Wednesday, August 01, 2007

Equal Opportunity via Cheap Laptops...

For quite a few years now there has been a new movement emerging whose mission is to create computers affordable enough to allow underprivileged children and adults to participate in the Digital Economy. Make no mistake, this is not a matter of some corporation seeking to reduce prices in order to sell more goods and make higher profits. It is a true movement intended to help the world's poor and empower them in the Internet Age.

Matthew Elliot reports that the cheapest laptop in the world has just been made available - the Medison Celebrity laptop costs only $150 and is available through online reseller And, yes, it's actually functional - an Intel 1.5 Ghz processor, 40 GB hard drive, 256 MB of RAM, etc. Heck that's better than the laptop I've been using for years to teach computer science! The reason it can be sold so cheaply is because it uses the free Linux operating system instead of Microsoft Windows. Along a similar vein, Nicholas Negroponte's OLPC sells for $175, and Intel's Classmate PC is expected to go for $200.

Furthermore, these laptops not only come WiFi-enabled, but in some cases a portion of the proceeds actually goes toward building a WiFi infrastructure in developing nations. I've also heard that when somebody from the developed world buys one of these machines, fully half of the proceeds actually go towards buying another machine for someone in the Third World. That's your classic 2-for-the-price-of-1 deal, only some African fellow gets your free one.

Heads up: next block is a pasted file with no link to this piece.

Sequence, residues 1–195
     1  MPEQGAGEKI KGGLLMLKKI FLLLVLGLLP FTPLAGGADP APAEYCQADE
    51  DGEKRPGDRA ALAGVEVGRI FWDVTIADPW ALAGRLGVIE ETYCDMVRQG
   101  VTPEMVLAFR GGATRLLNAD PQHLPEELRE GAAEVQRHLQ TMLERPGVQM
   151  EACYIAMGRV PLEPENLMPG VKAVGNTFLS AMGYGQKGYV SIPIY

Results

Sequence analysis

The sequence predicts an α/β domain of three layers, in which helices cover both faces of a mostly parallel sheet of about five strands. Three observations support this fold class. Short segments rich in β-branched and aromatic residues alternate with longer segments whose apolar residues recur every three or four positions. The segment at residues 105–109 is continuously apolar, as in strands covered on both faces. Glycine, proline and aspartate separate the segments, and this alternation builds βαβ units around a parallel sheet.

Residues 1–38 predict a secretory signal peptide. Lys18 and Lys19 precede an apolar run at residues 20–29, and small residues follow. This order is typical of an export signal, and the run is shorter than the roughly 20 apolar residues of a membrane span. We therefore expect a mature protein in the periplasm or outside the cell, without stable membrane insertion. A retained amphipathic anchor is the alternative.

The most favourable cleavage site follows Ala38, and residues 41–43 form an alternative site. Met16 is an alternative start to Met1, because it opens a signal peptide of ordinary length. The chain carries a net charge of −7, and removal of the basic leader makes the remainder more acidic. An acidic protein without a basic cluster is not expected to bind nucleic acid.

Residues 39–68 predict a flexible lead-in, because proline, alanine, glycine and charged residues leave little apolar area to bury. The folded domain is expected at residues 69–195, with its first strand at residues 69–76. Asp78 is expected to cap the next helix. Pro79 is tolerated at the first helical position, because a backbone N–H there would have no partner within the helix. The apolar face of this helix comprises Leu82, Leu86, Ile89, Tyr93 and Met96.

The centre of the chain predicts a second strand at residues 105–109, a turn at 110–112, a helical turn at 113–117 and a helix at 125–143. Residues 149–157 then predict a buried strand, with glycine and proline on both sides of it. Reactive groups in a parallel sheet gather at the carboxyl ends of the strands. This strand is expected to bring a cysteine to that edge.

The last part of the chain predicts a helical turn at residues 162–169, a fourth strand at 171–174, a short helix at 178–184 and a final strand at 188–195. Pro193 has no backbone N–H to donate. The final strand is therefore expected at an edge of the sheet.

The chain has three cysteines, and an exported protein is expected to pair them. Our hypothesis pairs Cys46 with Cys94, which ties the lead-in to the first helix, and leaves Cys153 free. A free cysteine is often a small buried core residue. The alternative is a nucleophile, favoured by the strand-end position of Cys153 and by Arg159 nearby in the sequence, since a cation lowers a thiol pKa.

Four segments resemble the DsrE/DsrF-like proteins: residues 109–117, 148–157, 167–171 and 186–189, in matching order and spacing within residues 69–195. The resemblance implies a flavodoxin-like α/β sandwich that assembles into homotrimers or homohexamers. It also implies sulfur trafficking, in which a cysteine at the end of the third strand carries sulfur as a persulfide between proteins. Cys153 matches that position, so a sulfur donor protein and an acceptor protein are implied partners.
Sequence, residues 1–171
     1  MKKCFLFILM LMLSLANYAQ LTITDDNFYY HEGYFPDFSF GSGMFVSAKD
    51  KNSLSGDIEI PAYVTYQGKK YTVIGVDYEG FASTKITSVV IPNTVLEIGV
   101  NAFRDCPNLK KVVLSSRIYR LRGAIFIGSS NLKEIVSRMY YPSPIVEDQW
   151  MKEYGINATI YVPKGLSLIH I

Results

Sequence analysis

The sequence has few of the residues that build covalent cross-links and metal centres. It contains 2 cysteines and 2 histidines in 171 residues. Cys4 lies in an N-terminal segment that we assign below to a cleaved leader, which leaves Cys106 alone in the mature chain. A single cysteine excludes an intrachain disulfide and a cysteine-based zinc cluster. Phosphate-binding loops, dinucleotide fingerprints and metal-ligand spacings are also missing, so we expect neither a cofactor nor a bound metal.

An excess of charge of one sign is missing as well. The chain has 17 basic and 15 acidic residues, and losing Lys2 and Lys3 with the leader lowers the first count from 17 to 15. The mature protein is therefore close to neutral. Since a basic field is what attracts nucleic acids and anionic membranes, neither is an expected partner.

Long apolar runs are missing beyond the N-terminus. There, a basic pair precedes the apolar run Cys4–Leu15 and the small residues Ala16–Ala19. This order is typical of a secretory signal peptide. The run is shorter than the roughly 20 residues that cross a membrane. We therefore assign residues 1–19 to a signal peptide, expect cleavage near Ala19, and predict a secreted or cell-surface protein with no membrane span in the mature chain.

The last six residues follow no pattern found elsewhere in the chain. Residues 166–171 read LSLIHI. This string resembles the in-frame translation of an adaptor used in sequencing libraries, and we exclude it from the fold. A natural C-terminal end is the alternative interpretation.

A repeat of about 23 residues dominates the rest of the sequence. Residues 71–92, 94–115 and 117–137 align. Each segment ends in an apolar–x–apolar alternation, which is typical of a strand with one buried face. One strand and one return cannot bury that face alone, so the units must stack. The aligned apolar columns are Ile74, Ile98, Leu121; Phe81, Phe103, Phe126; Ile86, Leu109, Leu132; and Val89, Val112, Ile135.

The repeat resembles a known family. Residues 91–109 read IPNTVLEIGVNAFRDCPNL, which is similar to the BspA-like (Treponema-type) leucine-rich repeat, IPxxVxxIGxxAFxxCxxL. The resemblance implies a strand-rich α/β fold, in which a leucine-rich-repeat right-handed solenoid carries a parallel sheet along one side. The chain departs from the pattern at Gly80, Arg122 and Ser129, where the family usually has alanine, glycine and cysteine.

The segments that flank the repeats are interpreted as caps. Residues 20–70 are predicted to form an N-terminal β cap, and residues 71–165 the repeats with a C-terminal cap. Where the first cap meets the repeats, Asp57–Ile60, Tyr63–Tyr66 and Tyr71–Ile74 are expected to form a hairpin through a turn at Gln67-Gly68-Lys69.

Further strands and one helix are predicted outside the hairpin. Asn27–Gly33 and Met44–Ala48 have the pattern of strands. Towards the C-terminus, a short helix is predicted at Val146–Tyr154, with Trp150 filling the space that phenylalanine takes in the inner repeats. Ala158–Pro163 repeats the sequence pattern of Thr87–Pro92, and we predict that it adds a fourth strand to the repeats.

Sure, people in the Third World have more immediate concerns than obtaining a laptop - food, water, and shelter come to mind pretty quick - and skeptics are always plenty eager to point that out. Nevertheless, these programs are well-intentioned and should be commended for being as such. The equal opportunity that the Internet provides only exists for those who have access to it, after all.

Which raises two questions: 1) Why aren't we pursuing a universal broadband access program in the United States, to foster equal opportunity here as well?, and 2) If it's economically feasible to create a $150 laptop, then why hasn't some firm jumped at the chance to mass market them and gain a tremendous comparative advantage?


At 5:50 PM, Anonymous Anonymous said...

The Windows OEM license costs between $20 and $80 ($80 is rare).

You can't make a $150 laptop taking away Windows.

Plus it's all over the news than Medison are scammers. The offer isn't real.

At 9:54 AM, Blogger Robert J. Domanski said...

Actually, the Windows OEM (Original Equipment Manufacturer) license is only cheap at the outset - you don't actually get a copy of the CD for yourself. You're right that Linux instead of Windows doesn't solely account for the $150 price, but it contributes greatly towards it (slashing the price by even $80 is a 35% discount!).

As for the offer being real, I've searched around in response to your comment, and there is definitely some confusion over this, however Matthew Elliot reports that he did in fact get his, and the source for the confusion is explained in a comment by "BBDEC1" from the Crave website link: "2CO is the reseller and places holds on all funds until the laptop is shipped, opened and tested as like advertised. When you give the go ahead, they withdraw the funds and pay Medison. My Credit card is not charged until then. Just a hold on those funds."

And besides, my larger point was actually to highlight the movement of digitally enabling people in developing nations. Still smarter than me?


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